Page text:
Digital party invitations are cheaper than paper and postage, and have other advantages too. Guests can't lose the invitation, you can easily see who's responded and you can use the invitation app to communicate with guests.


Renting space in a restaurant or bar may be cheaper than a hotel ballroom or banquet hall. Choosing less popular dates, days and times also saves money. Hosting your event midweek, during the day or early in November, for instance, may save you money over booking on "peak" days. Also investigate venues like local community or recreation centers, fraternal organizations' venues such as Elks or Moose lodges or church halls.

The most cost-effective location for an event is usually your home. If yours isn't big enough for your event, does a friend or family member have a home you can use?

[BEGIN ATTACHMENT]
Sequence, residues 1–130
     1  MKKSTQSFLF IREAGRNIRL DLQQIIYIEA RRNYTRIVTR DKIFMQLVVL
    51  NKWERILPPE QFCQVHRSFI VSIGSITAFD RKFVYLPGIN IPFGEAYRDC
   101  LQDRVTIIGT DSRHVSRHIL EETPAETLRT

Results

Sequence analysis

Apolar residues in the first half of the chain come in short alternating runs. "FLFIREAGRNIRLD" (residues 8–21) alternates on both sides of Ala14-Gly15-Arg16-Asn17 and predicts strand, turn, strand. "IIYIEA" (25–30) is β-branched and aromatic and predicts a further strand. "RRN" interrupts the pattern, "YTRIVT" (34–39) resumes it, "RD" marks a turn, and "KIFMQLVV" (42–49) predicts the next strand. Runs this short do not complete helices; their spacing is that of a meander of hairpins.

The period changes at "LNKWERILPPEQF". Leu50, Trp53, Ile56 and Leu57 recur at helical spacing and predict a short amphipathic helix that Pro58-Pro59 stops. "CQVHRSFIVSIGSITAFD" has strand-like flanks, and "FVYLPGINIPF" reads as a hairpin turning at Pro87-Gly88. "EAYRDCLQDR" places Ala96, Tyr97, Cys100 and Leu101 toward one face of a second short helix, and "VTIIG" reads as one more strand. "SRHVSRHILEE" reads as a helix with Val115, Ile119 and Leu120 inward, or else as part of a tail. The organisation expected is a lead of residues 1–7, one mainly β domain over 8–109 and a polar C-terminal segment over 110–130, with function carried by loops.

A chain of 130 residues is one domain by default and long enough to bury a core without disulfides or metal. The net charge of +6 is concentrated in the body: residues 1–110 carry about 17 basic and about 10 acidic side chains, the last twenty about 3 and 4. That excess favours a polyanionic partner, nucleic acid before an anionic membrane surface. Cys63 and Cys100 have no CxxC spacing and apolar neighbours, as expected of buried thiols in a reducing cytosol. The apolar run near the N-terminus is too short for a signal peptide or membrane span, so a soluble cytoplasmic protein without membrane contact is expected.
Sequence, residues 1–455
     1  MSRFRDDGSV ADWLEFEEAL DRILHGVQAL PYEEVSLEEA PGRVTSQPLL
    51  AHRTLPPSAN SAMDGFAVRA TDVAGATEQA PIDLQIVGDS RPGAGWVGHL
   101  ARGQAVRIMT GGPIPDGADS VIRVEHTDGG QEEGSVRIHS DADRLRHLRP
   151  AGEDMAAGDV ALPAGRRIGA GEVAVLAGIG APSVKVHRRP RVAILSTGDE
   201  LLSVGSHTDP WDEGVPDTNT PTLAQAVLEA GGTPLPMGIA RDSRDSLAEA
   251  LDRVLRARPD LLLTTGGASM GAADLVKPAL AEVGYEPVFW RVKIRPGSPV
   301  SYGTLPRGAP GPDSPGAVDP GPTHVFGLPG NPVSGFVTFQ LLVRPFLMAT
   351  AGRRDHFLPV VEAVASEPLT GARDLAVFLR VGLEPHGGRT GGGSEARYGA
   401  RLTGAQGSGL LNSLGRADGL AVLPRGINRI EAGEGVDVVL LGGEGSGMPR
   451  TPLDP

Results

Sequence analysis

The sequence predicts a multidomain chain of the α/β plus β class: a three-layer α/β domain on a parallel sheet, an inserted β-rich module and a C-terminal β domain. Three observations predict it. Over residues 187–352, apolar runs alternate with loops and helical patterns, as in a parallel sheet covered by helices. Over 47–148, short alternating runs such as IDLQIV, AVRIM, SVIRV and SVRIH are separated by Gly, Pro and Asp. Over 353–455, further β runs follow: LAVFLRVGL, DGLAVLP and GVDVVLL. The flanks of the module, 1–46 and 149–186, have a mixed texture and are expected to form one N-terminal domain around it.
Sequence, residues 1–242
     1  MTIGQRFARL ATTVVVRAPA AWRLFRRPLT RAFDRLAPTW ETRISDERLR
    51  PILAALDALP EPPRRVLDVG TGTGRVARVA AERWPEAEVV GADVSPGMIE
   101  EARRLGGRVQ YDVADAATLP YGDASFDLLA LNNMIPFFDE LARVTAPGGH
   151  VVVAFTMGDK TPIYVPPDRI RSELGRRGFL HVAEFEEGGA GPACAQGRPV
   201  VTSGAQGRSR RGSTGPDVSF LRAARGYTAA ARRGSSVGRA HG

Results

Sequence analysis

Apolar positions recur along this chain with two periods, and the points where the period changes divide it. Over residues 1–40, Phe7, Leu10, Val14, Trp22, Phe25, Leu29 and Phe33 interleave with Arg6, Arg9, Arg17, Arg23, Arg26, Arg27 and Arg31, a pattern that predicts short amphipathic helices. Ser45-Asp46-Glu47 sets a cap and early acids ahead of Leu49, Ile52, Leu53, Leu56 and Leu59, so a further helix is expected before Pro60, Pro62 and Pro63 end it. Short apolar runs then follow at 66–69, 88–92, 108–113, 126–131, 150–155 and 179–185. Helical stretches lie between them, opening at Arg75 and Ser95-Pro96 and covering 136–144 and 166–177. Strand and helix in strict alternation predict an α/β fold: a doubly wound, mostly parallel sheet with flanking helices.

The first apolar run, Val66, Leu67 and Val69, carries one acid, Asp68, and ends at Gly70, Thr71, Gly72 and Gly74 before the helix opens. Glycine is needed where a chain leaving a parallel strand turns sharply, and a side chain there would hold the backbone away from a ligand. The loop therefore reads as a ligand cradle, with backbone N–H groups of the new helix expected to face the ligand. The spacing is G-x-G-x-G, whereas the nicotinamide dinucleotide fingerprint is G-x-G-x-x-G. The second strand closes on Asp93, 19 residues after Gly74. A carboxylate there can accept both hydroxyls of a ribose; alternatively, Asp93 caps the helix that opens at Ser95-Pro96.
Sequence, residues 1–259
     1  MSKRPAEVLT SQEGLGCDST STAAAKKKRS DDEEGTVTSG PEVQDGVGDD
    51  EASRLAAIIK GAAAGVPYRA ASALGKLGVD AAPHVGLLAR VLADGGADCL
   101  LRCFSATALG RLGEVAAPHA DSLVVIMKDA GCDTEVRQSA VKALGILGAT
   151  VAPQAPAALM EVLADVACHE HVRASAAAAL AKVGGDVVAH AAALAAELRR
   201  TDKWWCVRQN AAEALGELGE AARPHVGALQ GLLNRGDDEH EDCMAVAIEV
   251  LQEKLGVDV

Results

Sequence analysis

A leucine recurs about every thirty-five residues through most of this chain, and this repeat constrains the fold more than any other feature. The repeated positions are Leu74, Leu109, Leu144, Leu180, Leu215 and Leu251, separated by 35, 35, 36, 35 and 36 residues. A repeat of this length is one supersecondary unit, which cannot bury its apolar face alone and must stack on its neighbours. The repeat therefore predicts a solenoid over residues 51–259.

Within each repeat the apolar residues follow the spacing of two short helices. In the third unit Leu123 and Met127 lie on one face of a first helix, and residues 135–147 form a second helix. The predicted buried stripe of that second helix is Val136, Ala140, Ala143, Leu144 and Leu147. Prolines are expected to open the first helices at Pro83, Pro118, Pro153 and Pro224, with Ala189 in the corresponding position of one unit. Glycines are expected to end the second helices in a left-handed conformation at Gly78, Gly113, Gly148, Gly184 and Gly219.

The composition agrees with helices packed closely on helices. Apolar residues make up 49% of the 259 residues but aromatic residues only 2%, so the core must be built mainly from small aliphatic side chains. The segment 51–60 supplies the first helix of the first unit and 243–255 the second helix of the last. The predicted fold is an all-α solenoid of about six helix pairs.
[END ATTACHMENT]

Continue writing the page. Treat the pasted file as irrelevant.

Seating and Tableware

When renting chairs, tables and tableware, compare prices at various rental companies. Choosing mid-range options rather than the highest quality will save money; guests probably won't notice the difference. You can also save by picking up and returning furnishings yourself instead of paying for delivery.

Look at what linens, tableware and serveware you have before renting or buying. Can you use that silver or china you inherited from Grandma? Could you borrow tables, chairs, linens and tableware from friends or family?

For casual gatherings, disposable tablecloths, plates, flatware and drinkware save money and cleanup time.


Using a catering service reduces stress—at a cost. Try these tips to save:

  • Have the caterer prepare the food at their site and pick it up yourself.
  • Contact a local culinary school or college with a hospitality major to find students who can cater for less.
  • Hire friends' teenage children as servers.
  • Serve strategically. Passing appetizers on platters or serving food buffet style typically saves on food costs over individually plated dinners. Caterers can suggest other ways to save.